Robert Wagner ran into a problem while building a see-through booth so healthcare workers can test people for COVID-19 without using gowns, masks and other scarce personal protective equipment (PPE). 

But it wasn’t a problem for long.

When all he could scrounge up for his contraption were two left-handed gloves, the longtime engineering technician at the University of Waterloo simply turned one of them inside out and carried on.

The solution was typical of Wagner’s approach to designing and building a testing booth to help medical professionals during the coronavirus pandemic.

If he didn’t have it, he improvised. If he didn’t know it, he figured it out.

“It was an exercise in Canadian innovation and can-do,” Wagner said.

“You mean you made it up as you went along?” he was asked.

“Yup,” he replied.

Robert Wagner

Waterloo Engineering technician Robert Wagner.

The result is a sturdy, three-sided booth with long vinyl gloves that stick out at the front. The design allows healthcare workers to take nasal swabs from patients while staying safe behind its plexiglass-type walls without wearing PPE.

Wagner, who works in the RoboHub robotics facility but is a machinist by trade, fashioned it in four days in his home shop in New Hamburg.

The idea came from Dr. Agnes Kluz, a general practitioner who had seen a brief video clip on social media of a prototype testing booth at a Boston hospital.

Kluz (shown trying out the new booth in the photo above) asked for help through contacts she had made at the University on other COVID-related projects and Wagner volunteered to see what he could do.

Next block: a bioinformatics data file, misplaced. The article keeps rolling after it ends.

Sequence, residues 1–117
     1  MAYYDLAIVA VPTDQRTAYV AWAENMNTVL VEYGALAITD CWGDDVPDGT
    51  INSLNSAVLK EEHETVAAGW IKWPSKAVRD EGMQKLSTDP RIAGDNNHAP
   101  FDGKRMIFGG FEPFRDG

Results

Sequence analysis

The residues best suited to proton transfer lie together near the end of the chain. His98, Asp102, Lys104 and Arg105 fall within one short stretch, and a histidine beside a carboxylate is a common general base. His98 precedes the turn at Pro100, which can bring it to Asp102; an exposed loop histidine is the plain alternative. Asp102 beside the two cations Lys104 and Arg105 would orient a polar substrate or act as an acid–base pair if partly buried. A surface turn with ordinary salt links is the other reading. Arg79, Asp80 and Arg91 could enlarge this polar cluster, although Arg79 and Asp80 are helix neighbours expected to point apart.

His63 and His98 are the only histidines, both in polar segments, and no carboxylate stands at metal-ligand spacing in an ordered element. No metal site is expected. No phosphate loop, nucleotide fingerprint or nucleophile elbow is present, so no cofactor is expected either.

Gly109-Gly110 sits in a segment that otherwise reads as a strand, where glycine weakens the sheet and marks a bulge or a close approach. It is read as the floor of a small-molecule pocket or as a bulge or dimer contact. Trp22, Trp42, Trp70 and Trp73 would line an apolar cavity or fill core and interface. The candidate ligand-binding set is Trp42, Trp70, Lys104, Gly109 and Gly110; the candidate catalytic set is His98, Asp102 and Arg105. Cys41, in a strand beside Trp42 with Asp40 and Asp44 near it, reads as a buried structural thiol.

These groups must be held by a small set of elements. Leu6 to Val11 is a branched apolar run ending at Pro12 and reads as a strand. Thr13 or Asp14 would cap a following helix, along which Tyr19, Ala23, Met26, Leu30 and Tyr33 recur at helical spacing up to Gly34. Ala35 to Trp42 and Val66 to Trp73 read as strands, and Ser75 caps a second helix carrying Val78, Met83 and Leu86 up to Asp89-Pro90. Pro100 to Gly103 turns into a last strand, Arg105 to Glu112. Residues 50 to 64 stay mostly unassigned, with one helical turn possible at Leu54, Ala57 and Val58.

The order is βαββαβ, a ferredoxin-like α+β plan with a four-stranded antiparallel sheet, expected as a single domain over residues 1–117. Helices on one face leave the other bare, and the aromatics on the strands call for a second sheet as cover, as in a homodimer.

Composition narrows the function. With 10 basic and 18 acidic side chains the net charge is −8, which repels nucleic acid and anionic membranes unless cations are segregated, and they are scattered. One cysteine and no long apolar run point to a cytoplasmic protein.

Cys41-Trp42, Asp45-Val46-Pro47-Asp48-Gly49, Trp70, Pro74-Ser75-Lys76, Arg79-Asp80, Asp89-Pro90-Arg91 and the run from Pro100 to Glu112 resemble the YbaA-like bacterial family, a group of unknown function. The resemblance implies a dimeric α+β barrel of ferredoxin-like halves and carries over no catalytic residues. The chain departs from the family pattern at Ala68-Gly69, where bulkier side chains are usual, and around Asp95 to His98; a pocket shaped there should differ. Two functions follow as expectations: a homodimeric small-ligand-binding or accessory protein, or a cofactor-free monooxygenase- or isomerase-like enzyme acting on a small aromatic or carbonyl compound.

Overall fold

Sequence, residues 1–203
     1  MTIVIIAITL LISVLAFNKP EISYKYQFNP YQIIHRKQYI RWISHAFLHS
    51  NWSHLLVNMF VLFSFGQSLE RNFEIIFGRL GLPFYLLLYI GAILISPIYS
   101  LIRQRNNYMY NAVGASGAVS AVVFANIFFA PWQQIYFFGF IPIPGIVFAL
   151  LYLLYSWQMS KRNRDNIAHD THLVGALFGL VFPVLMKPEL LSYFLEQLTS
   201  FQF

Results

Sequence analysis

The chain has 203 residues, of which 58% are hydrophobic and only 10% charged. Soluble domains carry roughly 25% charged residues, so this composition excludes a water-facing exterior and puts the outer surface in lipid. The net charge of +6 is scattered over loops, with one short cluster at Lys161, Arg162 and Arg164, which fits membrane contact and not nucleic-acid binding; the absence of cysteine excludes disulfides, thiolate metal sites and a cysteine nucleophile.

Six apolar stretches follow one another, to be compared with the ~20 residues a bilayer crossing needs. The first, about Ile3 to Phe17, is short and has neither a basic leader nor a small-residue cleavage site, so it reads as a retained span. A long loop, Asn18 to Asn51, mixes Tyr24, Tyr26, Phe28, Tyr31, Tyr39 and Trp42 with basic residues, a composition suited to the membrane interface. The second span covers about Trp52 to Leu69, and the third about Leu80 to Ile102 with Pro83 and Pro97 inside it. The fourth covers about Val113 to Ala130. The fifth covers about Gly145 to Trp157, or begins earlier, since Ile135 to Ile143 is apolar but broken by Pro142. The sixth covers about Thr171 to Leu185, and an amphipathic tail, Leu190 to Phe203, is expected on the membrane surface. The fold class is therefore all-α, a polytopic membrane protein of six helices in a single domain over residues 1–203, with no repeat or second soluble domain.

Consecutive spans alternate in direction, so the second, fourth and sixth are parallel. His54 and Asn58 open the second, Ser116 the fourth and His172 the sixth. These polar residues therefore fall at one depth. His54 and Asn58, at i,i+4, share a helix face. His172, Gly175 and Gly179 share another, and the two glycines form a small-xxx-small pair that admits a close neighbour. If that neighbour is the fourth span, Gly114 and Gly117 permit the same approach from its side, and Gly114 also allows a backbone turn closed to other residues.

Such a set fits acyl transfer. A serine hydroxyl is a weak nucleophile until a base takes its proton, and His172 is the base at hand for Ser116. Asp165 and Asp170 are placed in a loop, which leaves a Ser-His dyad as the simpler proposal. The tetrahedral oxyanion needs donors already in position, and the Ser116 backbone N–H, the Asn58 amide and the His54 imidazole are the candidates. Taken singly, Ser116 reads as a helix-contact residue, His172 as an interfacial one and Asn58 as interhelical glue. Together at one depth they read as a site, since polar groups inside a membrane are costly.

“I looked at it on the video and thought ‘Yeah, it’s just some plexi sheets, aluminum, nuts and bolts, and gloves - let’s go,” he said.

The booth he built, using only the video for guidance, is now at the Alexandra Marine and General Hospital in Goderich, Ont., as health officials in Huron and Perth counties set up a COVID-19 testing site.

“It is incredible,” said Kluz, who works out of the hospital in nearby Seaforth. “Robert is a no-nonsense guy, and he just picked up and did it. It was amazing to work with somebody who can take an idea and make it a reality like that.”

'You want the farm gloves'

One of his innovations was covering the permanent vinyl gloves on the box with long, disposable gloves that veterinarians use to examine cows and horses. Inexpensive and easy to get, they can be thrown out after each test.

“They were what I could get my hands on,” said Wagner, who got help on the project from several campus colleagues, and encouragement from RoboHub bosses Brandon DeHart and William Melek to tackle it. “Living in New Hamburg, you talk to people and they say ‘Oh yeah, you want the farm gloves.’”

With PPE still in short supply, health officials are talking about ordering more booths for testing sites throughout southwestern Ontario.

That would be perfectly fine with Wagner, who figures his booth can be improved with better tools and more materials to work with.

“I’m at home doing documentation and I prefer to work with my hands,” he said. “If I’m doing physical work as opposed to sitting at a computer, I think I’d be a bit happier.”